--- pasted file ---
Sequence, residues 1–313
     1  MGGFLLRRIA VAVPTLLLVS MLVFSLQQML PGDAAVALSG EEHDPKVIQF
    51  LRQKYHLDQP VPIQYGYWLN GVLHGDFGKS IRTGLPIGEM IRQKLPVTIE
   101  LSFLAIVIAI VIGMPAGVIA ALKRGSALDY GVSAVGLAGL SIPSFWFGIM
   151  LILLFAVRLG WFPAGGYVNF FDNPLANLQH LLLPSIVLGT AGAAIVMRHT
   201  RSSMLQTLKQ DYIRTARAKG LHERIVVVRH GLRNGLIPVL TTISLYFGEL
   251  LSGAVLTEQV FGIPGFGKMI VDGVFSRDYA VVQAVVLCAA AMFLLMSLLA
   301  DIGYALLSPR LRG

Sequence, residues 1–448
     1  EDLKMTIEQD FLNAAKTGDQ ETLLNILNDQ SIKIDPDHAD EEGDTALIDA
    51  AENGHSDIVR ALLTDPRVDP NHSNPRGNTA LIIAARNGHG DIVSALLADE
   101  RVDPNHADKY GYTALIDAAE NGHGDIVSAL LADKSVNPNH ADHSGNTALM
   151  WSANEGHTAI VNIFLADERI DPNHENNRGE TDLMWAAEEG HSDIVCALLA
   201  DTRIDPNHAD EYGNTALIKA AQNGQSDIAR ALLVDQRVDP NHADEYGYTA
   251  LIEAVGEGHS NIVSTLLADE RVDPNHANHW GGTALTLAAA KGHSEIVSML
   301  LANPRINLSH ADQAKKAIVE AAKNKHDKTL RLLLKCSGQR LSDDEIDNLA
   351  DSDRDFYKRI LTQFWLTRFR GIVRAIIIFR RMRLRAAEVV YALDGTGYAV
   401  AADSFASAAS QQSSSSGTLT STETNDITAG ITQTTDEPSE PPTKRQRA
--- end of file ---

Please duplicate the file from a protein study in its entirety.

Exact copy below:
Sequence, residues 1–313
     1  MGGFLLRRIA VAVPTLLLVS MLVFSLQQML PGDAAVALSG EEHDPKVIQF
    51  LRQKYHLDQP VPIQYGYWLN GVLHGDFGKS IRTGLPIGEM IRQKLPVTIE
   101  LSFLAIVIAI VIGMPAGVIA ALKRGSALDY GVSAVGLAGL SIPSFWFGIM
   151  LILLFAVRLG WFPAGGYVNF FDNPLANLQH LLLPSIVLGT AGAAIVMRHT
   201  RSSMLQTLKQ DYIRTARAKG LHERIVVVRH GLRNGLIPVL TTISLYFGEL
   251  LSGAVLTEQV FGIPGFGKMI VDGVFSRDYA VVQAVVLCAA AMFLLMSLLA
   301  DIGYALLSPR LRG

Sequence, residues 1–448
     1  EDLKMTIEQD FLNAAKTGDQ ETLLNILNDQ SIKIDPDHAD EEGDTALIDA
    51  AENGHSDIVR ALLTDPRVDP NHSNPRGNTA LIIAARNGHG DIVSALLADE
   101  RVDPNHADKY GYTALIDAAE NGHGDIVSAL LADKSVNPNH ADHSGNTALM
   151  WSANEGHTAI VNIFLADERI DPNHENNRGE TDLMWAAEEG HSDIVCALLA
   201  DTRIDPNHAD EYGNTALIKA AQNGQSDIAR ALLVDQRVDP NHADEYGYTA
   251  LIEAVGEGHS NIVSTLLADE RVDPNHANHW GGTALTLAAA KGHSEIVSML
   301  LANPRINLSH ADQAKKAIVE AAKNKHDKTL RLLLKCSGQR LSDDEIDNLA
   351  DSDRDFYKRI LTQFWLTRFR GIVRAIIIFR RMRLRAAEVV YALDGTGYAV
   401  AADSFASAAS QQSSSSGTLT STETNDITAG ITQTTDEPSE PPTKRQRA